Faster Relief of HAE Attacks Seen with Recombinant Human C1 Esterase Inhibitor
ATLANTA, GA—Recombinant human C1 esterase inhibitor (rhC1INH) reduces time to symptomatic relief from acute hereditary angioedema (HAE) attacks, according to a pooled analysis of data from 2 randomized, double-blind, placebo-controlled trials. The findings were presented at the 2017 AAAAI Annual Meeting.
"rhC1INH 50 IU/kg was efficacious in shortening the time to the beginning of symptom relief of acute HAE attacks, regardless of attack location," reported lead study author James W. Baker, MD, of Baker Allergy Asthma and Dermatology, in Lake Oswego, OR, and colleagues.
Hereditary angioedema is a genetic disorder that can trigger very painful mucosal and cutaneous angioedema of the abdomen, hands, feet, mouth, and pharyngeal-laryngeal region. Clinical trials have shown that rhC1INH can relieve symptoms overall but efficacy for individual anatomies has not been "thoroughly explored," Dr. Baker noted.
Participants in the two trials included in the analysis were ≥12 years old and received either rhC1INH 50 IU/kg or placebo. Hereditary angioedema attacks were included in the pooled analysis if overall severity score reached at least 50mm on a 100mm visual analog scale (VAS). A total of 412 attacks were analyzed. Regardless of anatomic site, symptomatic relief was achieved more rapidly among patients receiving rhC1INH than those who were administered placebo.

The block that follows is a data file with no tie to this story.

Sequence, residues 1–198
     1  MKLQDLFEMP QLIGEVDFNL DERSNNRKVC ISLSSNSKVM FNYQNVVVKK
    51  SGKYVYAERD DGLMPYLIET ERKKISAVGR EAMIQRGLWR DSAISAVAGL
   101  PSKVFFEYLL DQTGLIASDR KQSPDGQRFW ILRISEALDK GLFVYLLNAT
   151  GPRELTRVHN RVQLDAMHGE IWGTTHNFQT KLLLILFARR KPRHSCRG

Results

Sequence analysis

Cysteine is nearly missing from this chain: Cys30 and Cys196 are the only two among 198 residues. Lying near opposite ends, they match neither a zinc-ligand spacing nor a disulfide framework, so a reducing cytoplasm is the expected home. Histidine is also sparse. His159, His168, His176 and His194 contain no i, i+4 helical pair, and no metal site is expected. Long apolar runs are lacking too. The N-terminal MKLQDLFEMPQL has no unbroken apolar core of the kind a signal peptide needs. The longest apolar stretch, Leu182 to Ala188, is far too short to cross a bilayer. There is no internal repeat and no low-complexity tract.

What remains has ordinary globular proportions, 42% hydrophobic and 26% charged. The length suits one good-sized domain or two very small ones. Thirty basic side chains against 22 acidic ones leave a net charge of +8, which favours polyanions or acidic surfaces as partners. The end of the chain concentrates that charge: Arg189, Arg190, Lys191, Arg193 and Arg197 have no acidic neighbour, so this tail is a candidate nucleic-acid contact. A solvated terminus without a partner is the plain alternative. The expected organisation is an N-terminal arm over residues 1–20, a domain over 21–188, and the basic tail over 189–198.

For patients experiencing abdominal attacks, symptomatic relief began at a median of 60 minutes (95% CI: 47.0, 62.0) in patients receiving rhC1INH (n=194) vs. 240 minutes (95% CI: 45.0, 720.0) for those receiving placebo (n=15). Patients suffering peripheral attacks, the time to the beginning of symptom relief for patients in the rhC1INH group (n=169) was 105 minutes vs. 303 minutes for patients in the placebo group (n=17). Symptoms relief from oro-facial-pharyngeal-laryngeal attacks began at 64.5 minutes for patients in the rhC1INH group (n=36) compared to 306 minutes for patients in the placebo group (n=6). Time to symptomatic relief could not be determined for the 2 patients in the placebo group who experienced facial attacks but relief began at 158 minutes (95% CI: 90, 330) for patients in the rhC1INH group (n=24).
The findings suggest that rhC1INH 50 IU/kg shortens time to start of symptomatic relief from acute attacks and "support the use of rhC1INH across various anatomical attack locations in adults and adolescents with hereditary angioedema," Dr. Baker said.